Great Debates in American History: State rights (1798-1861); slavery (1858-1861)
Marion Mills Miller
Current Literature Publishing Company, 1913 - Civil rights
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Page 109 - We are now far into the fifth year since a policy was initiated with the avowed object and confident promise of putting an end to slavery agitation. Under the operation of that policy, that agitation has not only not ceased, but has constantly augmented. In my opinion, it will not cease until a crisis shall have been reached and passed. "A house divided against itself cannot stand.
Page 49 - ... in case of a deliberate, palpable, and dangerous exercise of other powers, not granted by the said compact, the states, who are parties thereto, have the right, and are in duty bound, to interpose, for arresting the progress of the evil, and for maintaining within their respective limits, the authorities, rights, and liberties appertaining to them.
Page 133 - Measures, is hereby declared inoperative and void : it being the true intent and meaning of this act, not to legislate slavery into any territory or state, nor to exclude it therefrom, but to leave the people thereof perfectly free to form and regulate their domestic institutions in their own way, subject only to the constitution of the United States...
Page 130 - ... a specious and fantastic arrangement of words, by which a man can prove a horse-chestnut to be a chestnut horse. I will say here, while upon this subject, that I have no purpose, directly or indirectly, to interfere with the institution of slavery in the States where it exists. I believe I have no lawful right to do so, and I have no inclination to do so.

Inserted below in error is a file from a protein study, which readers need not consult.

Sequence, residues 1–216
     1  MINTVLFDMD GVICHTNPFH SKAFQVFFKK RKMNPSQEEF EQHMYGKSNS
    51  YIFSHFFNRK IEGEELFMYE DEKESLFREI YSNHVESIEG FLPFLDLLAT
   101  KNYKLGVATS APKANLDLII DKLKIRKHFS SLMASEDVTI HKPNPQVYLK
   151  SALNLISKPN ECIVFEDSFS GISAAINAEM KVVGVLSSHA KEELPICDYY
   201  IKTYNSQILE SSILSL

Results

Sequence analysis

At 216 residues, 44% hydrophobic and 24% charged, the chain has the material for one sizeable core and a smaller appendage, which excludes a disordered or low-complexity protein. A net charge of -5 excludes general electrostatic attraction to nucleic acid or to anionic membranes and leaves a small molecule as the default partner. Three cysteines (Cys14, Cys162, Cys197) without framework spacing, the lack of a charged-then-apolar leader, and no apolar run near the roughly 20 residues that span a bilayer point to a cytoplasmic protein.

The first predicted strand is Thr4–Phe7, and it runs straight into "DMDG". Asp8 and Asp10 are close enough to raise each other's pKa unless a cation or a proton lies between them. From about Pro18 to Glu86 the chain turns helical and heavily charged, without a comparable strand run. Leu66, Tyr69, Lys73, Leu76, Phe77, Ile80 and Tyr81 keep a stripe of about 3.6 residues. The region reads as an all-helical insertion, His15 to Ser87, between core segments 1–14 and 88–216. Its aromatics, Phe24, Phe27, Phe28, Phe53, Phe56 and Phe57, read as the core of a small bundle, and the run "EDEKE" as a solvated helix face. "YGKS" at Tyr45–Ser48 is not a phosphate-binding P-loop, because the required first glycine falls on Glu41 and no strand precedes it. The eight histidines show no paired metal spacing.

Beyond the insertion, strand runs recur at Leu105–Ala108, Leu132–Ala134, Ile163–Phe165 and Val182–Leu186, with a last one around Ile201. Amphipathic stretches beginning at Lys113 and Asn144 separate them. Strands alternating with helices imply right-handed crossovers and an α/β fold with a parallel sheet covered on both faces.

Page 299 - Every state shall abide by the determinations of the United States in Congress assembled, on all questions which by this Confederation are submitted to them. And the Articles of this Confederation shall be inviolably observed by every state ; and the Union shall be perpetual.
Page 130 - I hold that, notwithstanding all this, there is no reason in the world why the negro is not entitled to all the natural rights enumerated in the Declaration of Independence — the right to life, liberty, and the pursuit of happiness. I hold that he is as much entitled to these as the white man.
Page 49 - Government, as resulting from the compact, to which the states are parties; as limited by the plain sense and intention of the instrument constituting that compact ; as no farther valid than they are authorized by the grants enumerated in that compact, and that in case of a deliberate, palpable and dangerous exercise of other powers not granted by the said compact, the states who are parties thereto have the right, and are in duty bound to interpose...
Page 244 - THE CONSTITUTION OF THE COUNTRY, THE UNION OF THE STATES, AND THE ENFORCEMENT OF THE LAWS...
Page 65 - I profess, sir, in my career hitherto, to have kept steadily in view the prosperity and honor of the whole country and the preservation of our federal Union. It is to that Union we owe our safety at home and our consideration and dignity abroad. It is to that Union that we are chiefly indebted for whatever makes us most proud of our country. That Union we reached only by the discipline of our...
Page 78 - States, and, more especially, . . . [the tariff acts of 1828 and 1832] . . . , are unauthorized by the Constitution of the United States, and violate the true meaning and intent thereof, and are null, void, and no law, nor binding upon this State, its officers or citizens...